When you apply for Social Security Disability Insurance (SSDI), you must have a severe impairment that keeps you from working. One question the Social Security Administration (SSA) asks to see if you qualify is, “Is your condition ‘severe'”?
It’s essential to understand what’s considered a “severe” disability. If your condition is not severe enough, you will not qualify for SSDI.
What Does Severe Disability Mean Under SSDI?
According to the SSA, you must have a condition that limits necessary activities like:
You must be unable to perform these actions for at least 12 months. If your condition does prevent you from basic working activities, you might qualify. If it does not, you won’t be able to get SSDI benefits.
SSDI only covers total disabilities. That means:
- Your disability has lasted (or is expected to last) for a year or more. Or, it’s expected to result in death.
- You cannot do any type of work you did before because of your condition.
- You cannot adjust to any other type of work because of your condition.
Social Security does not pay for short-term or partial disability. Your disability must be severe enough to keep you from working. The program assumes that workers can turn to other forms of assistance for short-term disabilities.
Substantial Gainful Activity
According to the SSA, a severe disability prevents you from performing substantial gainful activity (SGA). If you are earning more than a certain amount, the SSA will consider it SGA.
The threshold for SGA increases slightly each year. For 2020, SGA for non-blind individuals is $1,260 per month. For blind individuals, the SGA is $2,110 per month.
If you are making more than SGA, Social Security will not consider your condition severe enough. In other words, a severe disability will significantly impair your ability to earn a livable income.
What Are Some Examples of Severe Disabilities?
The SSA maintains a Listing of Impairments to use when looking at SSDI applications. The SSA has recognized that conditions on the list can be severe disabilities.
If your condition is on the list, it doesn’t mean you automatically qualify for SSDI. However, the SSA is more likely to consider you for disability benefits. If your condition is not on the list, the SSA will compare your disease to a listed one.
The adult listings include 14 categories of disabling conditions. Here are the groups and examples of listed conditions for each.
1. Musculoskeletal system disorders, including:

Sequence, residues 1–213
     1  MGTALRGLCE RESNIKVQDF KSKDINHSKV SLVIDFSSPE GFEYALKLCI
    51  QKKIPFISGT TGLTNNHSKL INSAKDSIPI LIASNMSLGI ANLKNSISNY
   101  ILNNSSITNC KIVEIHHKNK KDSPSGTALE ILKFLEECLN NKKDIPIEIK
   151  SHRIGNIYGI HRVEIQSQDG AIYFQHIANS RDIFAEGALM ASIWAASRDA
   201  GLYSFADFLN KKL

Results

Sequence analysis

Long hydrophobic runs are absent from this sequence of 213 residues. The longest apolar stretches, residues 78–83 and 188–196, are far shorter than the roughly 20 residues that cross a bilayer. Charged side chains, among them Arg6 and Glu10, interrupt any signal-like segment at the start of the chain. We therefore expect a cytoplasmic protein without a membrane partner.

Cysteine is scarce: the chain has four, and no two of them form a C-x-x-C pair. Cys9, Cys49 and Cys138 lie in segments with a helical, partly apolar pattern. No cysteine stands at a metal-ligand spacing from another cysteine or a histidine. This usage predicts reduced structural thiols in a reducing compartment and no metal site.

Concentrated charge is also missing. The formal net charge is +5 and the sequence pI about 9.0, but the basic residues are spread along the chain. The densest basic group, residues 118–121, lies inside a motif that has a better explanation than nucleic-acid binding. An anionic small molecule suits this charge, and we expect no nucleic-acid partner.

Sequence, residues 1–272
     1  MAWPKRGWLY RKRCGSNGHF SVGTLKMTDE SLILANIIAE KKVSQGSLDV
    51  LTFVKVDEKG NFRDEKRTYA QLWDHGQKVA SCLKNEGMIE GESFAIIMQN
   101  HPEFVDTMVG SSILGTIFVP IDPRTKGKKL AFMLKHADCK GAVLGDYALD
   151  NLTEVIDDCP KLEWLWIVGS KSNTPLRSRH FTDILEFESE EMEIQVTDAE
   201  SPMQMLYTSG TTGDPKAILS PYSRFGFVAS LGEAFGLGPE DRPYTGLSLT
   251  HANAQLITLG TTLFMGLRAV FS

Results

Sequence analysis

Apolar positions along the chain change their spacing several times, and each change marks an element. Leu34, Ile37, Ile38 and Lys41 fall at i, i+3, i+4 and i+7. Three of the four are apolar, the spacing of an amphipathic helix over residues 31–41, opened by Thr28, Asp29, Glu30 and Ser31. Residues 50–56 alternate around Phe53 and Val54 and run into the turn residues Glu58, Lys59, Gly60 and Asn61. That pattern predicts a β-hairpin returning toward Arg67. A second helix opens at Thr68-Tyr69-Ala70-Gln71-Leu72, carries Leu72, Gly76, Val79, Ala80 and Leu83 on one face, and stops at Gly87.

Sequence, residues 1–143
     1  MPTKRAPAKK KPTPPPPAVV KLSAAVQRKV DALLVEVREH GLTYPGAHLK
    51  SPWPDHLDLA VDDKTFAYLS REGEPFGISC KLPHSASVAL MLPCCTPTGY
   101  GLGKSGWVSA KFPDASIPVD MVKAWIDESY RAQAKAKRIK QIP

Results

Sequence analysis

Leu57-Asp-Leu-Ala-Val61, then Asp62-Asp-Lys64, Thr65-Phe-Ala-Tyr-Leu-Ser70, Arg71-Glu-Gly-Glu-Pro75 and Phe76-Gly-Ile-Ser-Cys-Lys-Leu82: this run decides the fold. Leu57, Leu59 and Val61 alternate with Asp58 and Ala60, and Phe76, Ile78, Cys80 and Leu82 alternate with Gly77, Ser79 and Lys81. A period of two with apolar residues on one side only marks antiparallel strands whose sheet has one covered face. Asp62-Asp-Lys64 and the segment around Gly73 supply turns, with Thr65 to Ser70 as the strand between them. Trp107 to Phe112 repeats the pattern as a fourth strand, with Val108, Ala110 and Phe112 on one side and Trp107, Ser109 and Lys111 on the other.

- Spine disorders
- Soft tissue injuries
- Reconstructive surgery of a major joint
2. Special senses and speech disorders, including:
- Loss of central visual acuity
- Contraction of the visual field in the better eye
- Visual impairment in the better eye
- Ménière’s disease
- Loss of speech
- Hearing loss not treated, or not treated with cochlear implantation
3. Respiratory disorders, including:
- Chronic respiratory disorders
- Cystic Fibrosis
- Chronic pulmonary hypertension
- Lung transplant
- Respiratory Failure
4. Cardiovascular system disorders, including:
- Chronic heart failure
- Ischemic heart disease
- Recurrent arrhythmias
- Symptomatic congenital heart disease
- Heart transplant
- Peripheral arterial disease
5. Digestive system disorders, including:
- Chronic liver disease
- Inflammatory bowel disease (IBD)
- Short bowel syndrome (SBS)
- Liver transplant
6. Genitourinary disorders, including:
- Chronic kidney disease
- Complications of chronic kidney disease
- Nephrotic syndrome
7. Hematological disorders, including:
- Sickle cell disease
- Disorders of bone marrow failure
8. Skin disorders, including:
- Bullous disease
- Chronic infections of the skin or mucous membranes
- Hidradenitis suppurativa
9. Endocrine disorders, including:
- Pituitary gland disorders
- Thyroid gland disorders
- Adrenal gland disorders
- Parathyroid gland disorders
10. Congenital disorders, including non-mosaic Down syndrome
11. Neurological disorders, including:
- Benign brain tumors
- Parkinsonian syndrome
- Cerebral palsy
- Spinal cord disorders
- Multiple sclerosis
12. Mental disorders, including:
- Neurocognitive disorders
- Depressive disorder
- Bipolar disorder
- Obsessive-compulsive disorder
- Autism spectrum disorder
- Eating disorders
13. Cancers, including:
- Soft tissue cancers of the head and neck
- Skin cancers
- Multiple myeloma
- Thyroid cancer
- Breast cancer
- Pancreas cancer
- Liver cancer
14. Immune system disorders, including:
- Immune deficiency disorders
- Inflammatory arthritis
- Sjögren’s syndrome
How Can I Prove a Severe Disability?
You will need to provide thorough proof of your medical condition when applying for SSDI. The medical evidence should show that your condition makes you unable to work and will last for at least a year.
The SSA will deny your application if it does not see enough evidence of a severe disability. If you are worried about getting approval, it’s best to work with an experienced Social Security Disability lawyer.
An SSDI lawyer can help you build a strong application. They will know what the SSA is looking for to approve a claim. If you have already been denied benefits, your lawyer can help you appeal the denial.
Talk to a Social Security Disability Lawyer for Free Today
Applying for SSDI can be stressful and frustrating. At John Foy & Associates, our goal is to make the process as straightforward as possible for you. We know what it takes to prove that you have a severe disability.
Contact us today for a FREE consultation. We’ll discuss your options and how we can help. Plus, we do not charge a fee unless we win your case.
To schedule your FREE, no-risk consultation, call (404) 400-4000, or contact us online.